Concrete has been used widely since Roman times, with a track record of providing cheap, durable material for structures ranging from the Colosseum to the Hoover Dam. Now it is being developed for a new purpose: cost-effective, large-scale energy storage.
EPRI and storage developer Storworks Power are examining a technology that uses concrete to store energy generated by thermal power plants (fossil, nuclear, and concentrating solar). Recent laboratory tests validated a Storworks Power design, setting the stage for a pilot-scale demonstration at an operating coal-fired power plant.
The Potential of Concrete
As variable renewable energy gains share in the electricity system, the result is excess power and low power prices during certain periods. In response, thermal power plants may cycle up and down in output or shut down temporarily. Most conventional generating units were not designed for such cycles, which can diminish plant performance and damage components. Large-scale energy storage is emerging as a more viable option for handling load fluctuations. BloombergNEF forecasts that global energy storage deployment will grow from 9 gigawatts (GW) to 1,095 GW between 2018 and 2040—a 122-fold increase.
Today, more than 160 GW of pumped hydro storage account for about 94% of grid storage worldwide, though deployment has slowed in some regions due in part to restrictions on land and water use. Batteries represent the largest share of recent bulk storage deployment.
It’s likely that a mix of technologies is necessary to provide the enormous storage capacity in the future. In particular, there is growing need for sustained storage over longer periods when renewable energy generation is not available. Relative to lithium ion batteries, concrete can provide thermal energy storage for longer durations and at lower cost.
“In the same way that different generation technologies help balance the grid today, a range of storage technologies can serve various applications,” said EPRI Principal Technical Leader Scott Hume. “Grid operators can dispatch the lowest cost storage technology on a case-by-case basis, and grid planners can select the optimal mix of technologies for reliability.”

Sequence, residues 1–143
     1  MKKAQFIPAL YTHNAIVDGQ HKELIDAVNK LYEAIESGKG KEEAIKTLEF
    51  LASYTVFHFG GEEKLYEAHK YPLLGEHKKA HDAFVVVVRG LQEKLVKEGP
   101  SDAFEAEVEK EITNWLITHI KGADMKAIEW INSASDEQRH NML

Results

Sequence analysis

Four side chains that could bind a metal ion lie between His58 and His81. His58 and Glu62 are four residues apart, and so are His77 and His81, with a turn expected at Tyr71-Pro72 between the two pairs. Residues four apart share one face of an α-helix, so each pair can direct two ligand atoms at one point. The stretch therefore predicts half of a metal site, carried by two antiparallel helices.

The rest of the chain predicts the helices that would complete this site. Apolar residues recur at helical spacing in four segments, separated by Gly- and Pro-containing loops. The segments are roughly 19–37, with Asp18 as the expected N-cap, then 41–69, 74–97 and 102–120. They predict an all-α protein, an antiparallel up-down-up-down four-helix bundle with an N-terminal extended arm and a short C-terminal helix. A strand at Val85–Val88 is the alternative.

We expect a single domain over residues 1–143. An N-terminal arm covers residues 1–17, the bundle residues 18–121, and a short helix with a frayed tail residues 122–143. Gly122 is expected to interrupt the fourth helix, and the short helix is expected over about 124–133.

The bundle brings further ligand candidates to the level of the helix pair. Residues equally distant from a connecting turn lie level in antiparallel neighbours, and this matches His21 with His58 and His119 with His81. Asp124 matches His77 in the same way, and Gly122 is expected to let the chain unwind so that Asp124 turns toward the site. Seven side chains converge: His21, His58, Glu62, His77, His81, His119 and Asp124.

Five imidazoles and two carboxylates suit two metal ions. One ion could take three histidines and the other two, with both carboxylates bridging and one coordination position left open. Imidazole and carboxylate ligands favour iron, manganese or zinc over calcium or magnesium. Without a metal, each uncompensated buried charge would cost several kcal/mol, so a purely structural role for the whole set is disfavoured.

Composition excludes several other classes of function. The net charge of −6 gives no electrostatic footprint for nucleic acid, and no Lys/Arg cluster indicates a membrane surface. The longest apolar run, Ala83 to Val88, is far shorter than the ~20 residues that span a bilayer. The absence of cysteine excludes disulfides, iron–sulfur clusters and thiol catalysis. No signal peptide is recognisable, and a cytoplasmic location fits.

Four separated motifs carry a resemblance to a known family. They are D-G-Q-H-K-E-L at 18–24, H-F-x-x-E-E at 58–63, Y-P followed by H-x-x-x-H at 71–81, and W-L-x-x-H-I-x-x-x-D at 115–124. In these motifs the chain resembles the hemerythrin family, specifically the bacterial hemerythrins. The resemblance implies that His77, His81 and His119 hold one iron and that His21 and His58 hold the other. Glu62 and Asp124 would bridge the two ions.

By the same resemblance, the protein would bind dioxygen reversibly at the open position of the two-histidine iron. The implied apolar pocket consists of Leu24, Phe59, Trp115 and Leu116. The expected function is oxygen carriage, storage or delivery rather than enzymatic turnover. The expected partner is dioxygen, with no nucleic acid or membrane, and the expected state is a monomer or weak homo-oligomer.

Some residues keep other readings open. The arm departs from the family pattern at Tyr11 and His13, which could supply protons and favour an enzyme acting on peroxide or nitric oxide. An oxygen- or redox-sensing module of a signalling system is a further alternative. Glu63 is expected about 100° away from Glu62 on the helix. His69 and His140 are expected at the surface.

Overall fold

How It Works
With concrete thermal energy storage, large concrete blocks are stacked in a location adjacent to a thermal power plant. When the plant’s power output is not needed by the grid, its steam is redirected from the plant’s turbines to tubes embedded in the blocks, storing the steam’s heat in the concrete. When plant power production needs to be increased again, heated feedwater from the plant is pumped into the tubes and converted to superheated steam for power generation at a separate steam turbine. At the same time, steam generated by the power plant is diverted back to the plant’s main turbine to generate additional output (see diagram). This approach can extend the time for the plant to run at full load, boosting efficiency and reducing damage that can result from cycling up and down and other dynamic modes.
Using readily available, cheap concrete can potentially enable energy storage at capital costs of less than $100 per kilowatt-hour—well below the capital costs of lithium ion batteries. Because concrete is a strong material, systems can be assembled in stacks, resulting in significantly smaller footprints per unit of energy relative to battery systems.